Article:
Nevertheless, the child's thoughtless words do spur Laurence into action. This is no time for woolgathering. " We ought not keep the admiralty waiting for long, now. It would not be proper, after all."

She puts emphasis on the word as looks towards the boy, in an attempt to convey her thoughts clearly. He takes on a strangely startled look in his eye. "Uh," he starts. "Yeah, of course. We should be off. Ma'am. Captain?"

"Safe travels, Miss Laurence!" Captain Tom calls out from the only one of the ships they'd been allowed to bring into harbor. The sentiment is entirely ruined by the raucous cackles he breaks out into afterwards, but the thought, at least, is appreciated.


As a child, Wilhelmina Laurence had always been quite fond of the sea, to the point where her mother and older brothers would often fondly recall the time when she was twelve, and tried to sneak out of the house by the second story window in order to join the Navy. Neither Laurence nor her father found it quite as charming an anecdote, though. It is perhaps the one topic on which their opinions are quite aligned, though certainly for completely different reasons.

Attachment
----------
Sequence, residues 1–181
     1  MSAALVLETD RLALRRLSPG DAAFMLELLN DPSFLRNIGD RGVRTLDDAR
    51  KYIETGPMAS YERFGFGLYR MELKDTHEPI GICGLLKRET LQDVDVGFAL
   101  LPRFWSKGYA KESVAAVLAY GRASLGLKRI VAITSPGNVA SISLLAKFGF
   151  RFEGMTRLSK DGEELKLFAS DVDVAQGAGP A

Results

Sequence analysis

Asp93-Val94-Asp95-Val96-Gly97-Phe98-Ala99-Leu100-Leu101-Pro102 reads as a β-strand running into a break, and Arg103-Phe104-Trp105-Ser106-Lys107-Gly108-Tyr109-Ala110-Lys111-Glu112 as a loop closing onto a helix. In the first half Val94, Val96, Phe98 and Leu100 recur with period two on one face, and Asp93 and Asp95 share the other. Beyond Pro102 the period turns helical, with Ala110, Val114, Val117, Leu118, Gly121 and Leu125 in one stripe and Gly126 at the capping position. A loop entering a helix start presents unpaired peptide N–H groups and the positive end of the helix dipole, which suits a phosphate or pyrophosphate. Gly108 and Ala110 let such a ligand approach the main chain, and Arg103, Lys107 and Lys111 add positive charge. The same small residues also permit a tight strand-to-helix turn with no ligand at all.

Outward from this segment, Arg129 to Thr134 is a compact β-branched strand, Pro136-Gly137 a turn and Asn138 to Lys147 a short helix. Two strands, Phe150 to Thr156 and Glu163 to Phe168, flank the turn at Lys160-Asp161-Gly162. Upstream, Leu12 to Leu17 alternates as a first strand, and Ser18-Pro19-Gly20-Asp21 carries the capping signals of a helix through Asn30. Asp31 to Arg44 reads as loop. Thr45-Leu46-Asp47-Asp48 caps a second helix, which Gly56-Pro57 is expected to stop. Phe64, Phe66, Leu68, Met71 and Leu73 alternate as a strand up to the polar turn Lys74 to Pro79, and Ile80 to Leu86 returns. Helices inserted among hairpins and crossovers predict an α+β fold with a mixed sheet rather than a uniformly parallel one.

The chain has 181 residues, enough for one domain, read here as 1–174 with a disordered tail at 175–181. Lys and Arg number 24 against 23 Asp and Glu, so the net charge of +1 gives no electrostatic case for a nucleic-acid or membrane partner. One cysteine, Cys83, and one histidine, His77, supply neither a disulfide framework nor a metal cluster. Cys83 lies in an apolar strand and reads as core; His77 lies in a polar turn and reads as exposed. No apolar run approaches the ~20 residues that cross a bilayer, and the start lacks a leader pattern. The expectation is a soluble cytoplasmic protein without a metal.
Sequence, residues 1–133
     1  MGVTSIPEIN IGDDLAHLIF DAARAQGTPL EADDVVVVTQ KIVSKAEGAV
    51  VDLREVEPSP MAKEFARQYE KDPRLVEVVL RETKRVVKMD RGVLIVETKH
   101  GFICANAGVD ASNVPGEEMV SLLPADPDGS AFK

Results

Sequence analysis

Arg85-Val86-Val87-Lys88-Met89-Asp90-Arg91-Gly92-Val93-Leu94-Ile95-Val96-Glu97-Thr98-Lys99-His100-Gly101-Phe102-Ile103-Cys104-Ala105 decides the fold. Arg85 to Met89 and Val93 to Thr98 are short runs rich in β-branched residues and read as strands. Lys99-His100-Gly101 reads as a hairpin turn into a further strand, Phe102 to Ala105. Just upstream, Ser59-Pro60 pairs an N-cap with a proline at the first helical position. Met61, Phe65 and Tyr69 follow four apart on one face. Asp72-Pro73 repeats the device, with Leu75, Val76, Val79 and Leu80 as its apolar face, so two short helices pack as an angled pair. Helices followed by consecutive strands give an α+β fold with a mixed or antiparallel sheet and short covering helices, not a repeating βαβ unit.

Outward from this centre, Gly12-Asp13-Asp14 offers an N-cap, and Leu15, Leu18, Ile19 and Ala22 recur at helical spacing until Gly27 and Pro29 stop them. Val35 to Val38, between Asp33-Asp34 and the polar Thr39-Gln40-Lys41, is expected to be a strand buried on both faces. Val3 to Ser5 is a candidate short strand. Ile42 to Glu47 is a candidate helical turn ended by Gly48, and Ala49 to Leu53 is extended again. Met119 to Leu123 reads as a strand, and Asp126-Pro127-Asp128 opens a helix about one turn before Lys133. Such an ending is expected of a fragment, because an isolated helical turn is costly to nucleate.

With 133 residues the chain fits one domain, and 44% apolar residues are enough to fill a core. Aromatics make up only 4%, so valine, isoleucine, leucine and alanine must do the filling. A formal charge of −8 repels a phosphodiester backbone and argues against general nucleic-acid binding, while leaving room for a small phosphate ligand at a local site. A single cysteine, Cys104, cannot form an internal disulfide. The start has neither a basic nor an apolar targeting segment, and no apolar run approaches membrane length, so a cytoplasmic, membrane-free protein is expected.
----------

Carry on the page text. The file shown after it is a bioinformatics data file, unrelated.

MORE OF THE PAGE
And though Laurence had grown up, and become quite a sensible young lady, in the estimation of Society, her love for the sea had never quite left her. She’s somewhat grateful, now, that she’d never managed to run away– not when the winds of fate had blessed her with good fortune more than she could have possibly hoped for in youthful indiscretion, and the companionship of Temeraire besides, dearer to her than her own heart.

Also– she adds to herself, looking at the man seated before her, decked out in Navy garb and barely concealed sneer– if this were the type of captain she would have had to serve under, if she had succeeded, then she is doubly so more fortunate as she’d previously thought. He is currently making insinuations upon her good character, which, while not completely off base, are cast in such a bad light that if Laurence were a man she might be obligated to challenge him to a duel.